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Tim Cook may regret dismissing low-cost smartphones as ‘junk’

Published Sep 20th, 2013 12:40PM EDT
Apple CEO Cook iPhone 5c Analysis

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The most striking takeaway from Thursday’s big Bloomberg Businessweek interview with Apple CEO Tim Cook was that he views smartphones that are priced in the $300 to $450 range as “junk” that Apple wants nothing to do with. While it’s certainly true that Apple has made its money by selling high-end products such as MacBooks, iPhones and iPads to well-off consumers in developed countries, Cook should realize that people in emerging markets who are buying cheap smartphones aren’t simply destitute peasants who will never be able to afford Apple products. Rather, they’re part of a rising class of consumers in economies that are growing very quickly — in other words, potential future Apple customers.

And this is why Cook’s view on low-cost phones being “junk” is potentially destructive to Apple’s interests: He is seemingly shrugging off low-income consumers in countries such as China, India and Brazil whose economies have been growing fast and whose populations total nearly 3 billion people.

In theory, Apple could have developed a smartphone that was cheaper to produce and could have priced it at between $350 to $450 to make it more affordable to people in these three markets. This would have certainly given the company a good foothold in those countries since consumers have shown that they’re willing to pay a premium for Apple products as long as they don’t have to sacrifice feeding themselves to buy them. But instead Apple released the iPhone 5c at $550 off contract and arrogantly declared that “we’re not in the junk business.”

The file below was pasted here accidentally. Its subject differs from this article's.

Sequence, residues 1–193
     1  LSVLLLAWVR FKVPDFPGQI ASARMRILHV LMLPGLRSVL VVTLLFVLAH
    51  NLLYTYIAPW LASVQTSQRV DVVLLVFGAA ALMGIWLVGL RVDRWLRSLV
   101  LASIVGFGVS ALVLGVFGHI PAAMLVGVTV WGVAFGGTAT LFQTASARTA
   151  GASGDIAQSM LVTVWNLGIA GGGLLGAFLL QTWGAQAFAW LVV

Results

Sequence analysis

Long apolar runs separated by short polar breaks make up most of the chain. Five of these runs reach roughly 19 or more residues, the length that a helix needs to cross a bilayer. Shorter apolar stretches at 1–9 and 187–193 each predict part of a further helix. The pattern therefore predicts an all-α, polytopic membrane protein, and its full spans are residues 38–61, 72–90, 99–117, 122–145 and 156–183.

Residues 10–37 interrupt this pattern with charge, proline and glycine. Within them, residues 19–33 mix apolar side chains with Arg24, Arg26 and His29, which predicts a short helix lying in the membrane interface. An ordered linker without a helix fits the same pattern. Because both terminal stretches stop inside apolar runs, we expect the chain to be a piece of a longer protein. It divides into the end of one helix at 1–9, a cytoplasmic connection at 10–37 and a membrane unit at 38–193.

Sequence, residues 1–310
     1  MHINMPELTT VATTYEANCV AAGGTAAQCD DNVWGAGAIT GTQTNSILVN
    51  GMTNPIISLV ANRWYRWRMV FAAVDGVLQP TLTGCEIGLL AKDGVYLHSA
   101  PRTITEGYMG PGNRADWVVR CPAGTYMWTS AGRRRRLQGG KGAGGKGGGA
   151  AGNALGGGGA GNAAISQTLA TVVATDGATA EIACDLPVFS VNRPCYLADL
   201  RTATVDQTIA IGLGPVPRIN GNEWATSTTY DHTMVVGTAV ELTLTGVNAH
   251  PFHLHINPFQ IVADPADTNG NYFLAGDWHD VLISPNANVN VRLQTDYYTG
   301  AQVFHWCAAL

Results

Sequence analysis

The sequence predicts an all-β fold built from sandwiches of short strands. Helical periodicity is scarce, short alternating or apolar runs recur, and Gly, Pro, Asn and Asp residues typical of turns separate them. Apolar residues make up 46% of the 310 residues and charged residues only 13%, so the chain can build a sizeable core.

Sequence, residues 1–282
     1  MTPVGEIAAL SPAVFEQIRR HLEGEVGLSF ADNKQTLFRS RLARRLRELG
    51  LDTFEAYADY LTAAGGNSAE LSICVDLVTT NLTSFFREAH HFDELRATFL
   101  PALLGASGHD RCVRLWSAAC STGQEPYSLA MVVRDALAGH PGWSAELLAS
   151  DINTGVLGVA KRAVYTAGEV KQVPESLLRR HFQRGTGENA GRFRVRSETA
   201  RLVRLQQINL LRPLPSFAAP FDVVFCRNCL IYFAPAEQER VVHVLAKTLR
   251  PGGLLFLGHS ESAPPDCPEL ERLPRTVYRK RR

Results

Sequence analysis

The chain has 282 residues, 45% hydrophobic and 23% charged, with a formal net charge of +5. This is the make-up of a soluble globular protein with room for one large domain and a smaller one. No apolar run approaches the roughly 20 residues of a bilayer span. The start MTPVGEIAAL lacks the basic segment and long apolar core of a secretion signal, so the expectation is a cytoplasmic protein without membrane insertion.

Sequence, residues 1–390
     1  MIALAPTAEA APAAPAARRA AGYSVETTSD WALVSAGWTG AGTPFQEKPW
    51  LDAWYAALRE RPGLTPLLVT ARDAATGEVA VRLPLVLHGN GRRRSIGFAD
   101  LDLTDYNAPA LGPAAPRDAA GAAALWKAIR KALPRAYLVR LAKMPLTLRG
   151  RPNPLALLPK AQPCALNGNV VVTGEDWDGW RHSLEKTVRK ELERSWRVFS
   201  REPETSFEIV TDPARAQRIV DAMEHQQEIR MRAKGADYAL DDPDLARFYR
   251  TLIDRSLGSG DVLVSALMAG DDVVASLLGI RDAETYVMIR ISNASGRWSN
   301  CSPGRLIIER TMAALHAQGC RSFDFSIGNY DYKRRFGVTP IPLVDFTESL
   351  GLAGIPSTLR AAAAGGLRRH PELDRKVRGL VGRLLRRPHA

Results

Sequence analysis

I don’t expect this to hurt Apple in the short-term since its customers in North America, Europe and the Asia-Pacific region will continue to buy high-end iPhones at a healthy clip. But in the long-term, having a minimal presence in China and India is not healthy for the company.

App developers in these countries will start making apps for Android and even Windows Phone first and foremost if the iPhone’s share in these markets keeps tanking. And by the time the “junk” buyers in emerging markets see their incomes rise to the point where they’ll be able to afford an iPhone 5c or 5s, they might still stick with Android and Windows Phone simply because that’s what they’ve grown used to and it’s where all their favorite apps are.

I’ve learned to not second-guess Apple’s business decisions over the years because the company has absolutely shown that it knows what it’s doing. At the same time, though, I can’t help seeing writing off billions of consumers because they’re supposedly interested in “junk” as a strategic mistake.

Brad Reed
Brad Reed Staff Writer

Brad Reed has written about technology for over eight years at and Network World. Prior to that, he wrote freelance stories for political publications such as AlterNet and the American Prospect. He has a Master's Degree in Business and Economics Journalism from Boston University.